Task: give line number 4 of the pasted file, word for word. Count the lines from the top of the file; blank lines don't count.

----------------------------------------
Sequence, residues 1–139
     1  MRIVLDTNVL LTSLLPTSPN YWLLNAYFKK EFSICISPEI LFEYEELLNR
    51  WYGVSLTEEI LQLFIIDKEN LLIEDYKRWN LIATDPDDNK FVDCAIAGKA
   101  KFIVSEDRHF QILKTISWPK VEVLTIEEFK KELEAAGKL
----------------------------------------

   101  KFIVSEDRHF QILKTISWPK VEVLTIEEFK KELEAAGKL